Thursday, April 18, 2019
The family of Robert Nero, Sr. has been cherishing an urn they believed contained the patriarch's ashes after he passed away in 2013, placing it on a place of honor on his widow's mantle. They have recently learned that the urn may not contain their loved one's ashes, but instead the cremains of someone else entirely.
On March 25, a West Palm Beach YWCA worker, Scott Manochi, was clearing brush when he found two piles of ashes and two metal identification disks from a crematorium. Police contacted the crematorium, which stated that the ashes belonged to Nero and another person, and that they had handled the bodies for Stevens Brothers Funeral Home. The funeral home sent an employee to collect the ashes, Willie Watts, who also does grounds work for the YWCA. When contacted by a reporter, Watts feigned ignorance about the entire situation.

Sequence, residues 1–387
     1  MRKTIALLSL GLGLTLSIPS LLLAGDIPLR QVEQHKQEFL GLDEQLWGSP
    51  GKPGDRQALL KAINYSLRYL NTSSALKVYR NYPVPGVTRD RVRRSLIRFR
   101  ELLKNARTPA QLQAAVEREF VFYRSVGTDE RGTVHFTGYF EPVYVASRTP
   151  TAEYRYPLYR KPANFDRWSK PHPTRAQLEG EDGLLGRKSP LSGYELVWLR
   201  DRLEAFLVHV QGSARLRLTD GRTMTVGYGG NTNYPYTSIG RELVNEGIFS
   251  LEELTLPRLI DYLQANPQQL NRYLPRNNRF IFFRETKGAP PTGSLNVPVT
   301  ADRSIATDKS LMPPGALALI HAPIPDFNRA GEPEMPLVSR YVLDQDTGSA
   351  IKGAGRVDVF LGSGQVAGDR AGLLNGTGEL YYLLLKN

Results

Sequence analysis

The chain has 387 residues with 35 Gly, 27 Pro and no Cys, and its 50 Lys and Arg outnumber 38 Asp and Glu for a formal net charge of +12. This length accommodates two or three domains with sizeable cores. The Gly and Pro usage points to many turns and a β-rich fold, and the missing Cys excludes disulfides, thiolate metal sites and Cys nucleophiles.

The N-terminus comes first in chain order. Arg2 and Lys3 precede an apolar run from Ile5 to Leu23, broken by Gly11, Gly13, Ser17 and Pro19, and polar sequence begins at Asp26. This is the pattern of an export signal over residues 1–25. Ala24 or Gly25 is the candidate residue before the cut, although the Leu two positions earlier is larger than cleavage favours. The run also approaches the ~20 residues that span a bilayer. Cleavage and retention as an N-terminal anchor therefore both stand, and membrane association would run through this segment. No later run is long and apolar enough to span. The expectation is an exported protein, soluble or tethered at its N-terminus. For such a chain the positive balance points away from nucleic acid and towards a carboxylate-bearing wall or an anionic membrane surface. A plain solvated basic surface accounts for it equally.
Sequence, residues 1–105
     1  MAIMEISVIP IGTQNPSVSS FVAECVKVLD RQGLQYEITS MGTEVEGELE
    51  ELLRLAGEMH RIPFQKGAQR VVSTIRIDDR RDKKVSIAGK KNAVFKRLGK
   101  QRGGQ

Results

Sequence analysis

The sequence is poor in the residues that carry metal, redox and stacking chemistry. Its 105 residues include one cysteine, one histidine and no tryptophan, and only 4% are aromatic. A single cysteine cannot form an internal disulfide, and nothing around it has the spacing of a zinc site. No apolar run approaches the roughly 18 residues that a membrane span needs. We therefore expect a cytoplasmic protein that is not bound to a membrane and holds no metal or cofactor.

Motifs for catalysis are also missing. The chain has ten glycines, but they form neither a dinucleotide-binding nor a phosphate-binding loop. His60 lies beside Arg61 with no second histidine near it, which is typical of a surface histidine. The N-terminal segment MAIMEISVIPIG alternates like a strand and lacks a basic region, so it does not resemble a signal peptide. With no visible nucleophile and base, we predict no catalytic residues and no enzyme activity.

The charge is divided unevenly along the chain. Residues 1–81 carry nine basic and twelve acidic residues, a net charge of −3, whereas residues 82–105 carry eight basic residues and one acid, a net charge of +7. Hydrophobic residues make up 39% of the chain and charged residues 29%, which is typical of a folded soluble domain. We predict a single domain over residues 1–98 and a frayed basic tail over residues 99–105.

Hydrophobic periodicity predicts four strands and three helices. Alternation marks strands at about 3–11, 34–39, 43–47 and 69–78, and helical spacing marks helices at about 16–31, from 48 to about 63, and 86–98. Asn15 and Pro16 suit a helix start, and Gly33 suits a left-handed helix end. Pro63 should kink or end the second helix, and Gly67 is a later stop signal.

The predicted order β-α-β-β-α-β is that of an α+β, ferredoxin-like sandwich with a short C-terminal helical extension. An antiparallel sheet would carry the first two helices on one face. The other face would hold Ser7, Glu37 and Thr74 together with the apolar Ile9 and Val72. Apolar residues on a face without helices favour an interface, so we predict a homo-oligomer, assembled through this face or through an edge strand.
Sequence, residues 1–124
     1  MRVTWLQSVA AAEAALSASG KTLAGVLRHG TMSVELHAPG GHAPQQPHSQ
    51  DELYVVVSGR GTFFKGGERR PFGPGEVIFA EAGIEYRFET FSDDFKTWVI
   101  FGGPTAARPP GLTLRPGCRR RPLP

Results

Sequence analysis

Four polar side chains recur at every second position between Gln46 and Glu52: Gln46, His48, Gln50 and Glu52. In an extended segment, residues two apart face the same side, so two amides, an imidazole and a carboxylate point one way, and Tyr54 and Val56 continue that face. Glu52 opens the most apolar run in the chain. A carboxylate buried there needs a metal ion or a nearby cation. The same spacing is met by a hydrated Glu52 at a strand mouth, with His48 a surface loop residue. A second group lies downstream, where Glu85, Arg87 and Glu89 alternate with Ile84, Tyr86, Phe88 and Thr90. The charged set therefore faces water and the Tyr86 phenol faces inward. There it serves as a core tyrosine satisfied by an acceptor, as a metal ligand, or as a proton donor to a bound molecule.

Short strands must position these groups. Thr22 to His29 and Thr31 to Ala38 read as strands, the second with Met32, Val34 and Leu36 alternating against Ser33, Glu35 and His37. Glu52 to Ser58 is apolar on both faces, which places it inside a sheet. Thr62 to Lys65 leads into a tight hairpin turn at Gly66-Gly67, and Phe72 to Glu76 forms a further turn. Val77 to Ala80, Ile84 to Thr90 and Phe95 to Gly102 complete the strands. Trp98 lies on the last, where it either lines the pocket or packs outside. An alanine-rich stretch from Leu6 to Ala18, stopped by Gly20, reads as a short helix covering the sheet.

Miami Dade College mortuary science professor Joseph Finocchiaro said it's unlikely the ashes could have been outdoors for long, as weather conditions would have scattered them. Cremation almost always destroys the DNA of a person, so it would be nearly impossible to determine which ashes are truly Nero's. The answer may lie with the silver disk that accompanied the found pile of ashes. That disk is with the ashes through every step from the crematorium to the mortuary to the family, Finocchiaro says.
See Terry Spencer and Joshua Replogle, Cremation Mystery Besets Family: 2 Sets of Ashes for 1 Man, Fox News, April 16, 2019.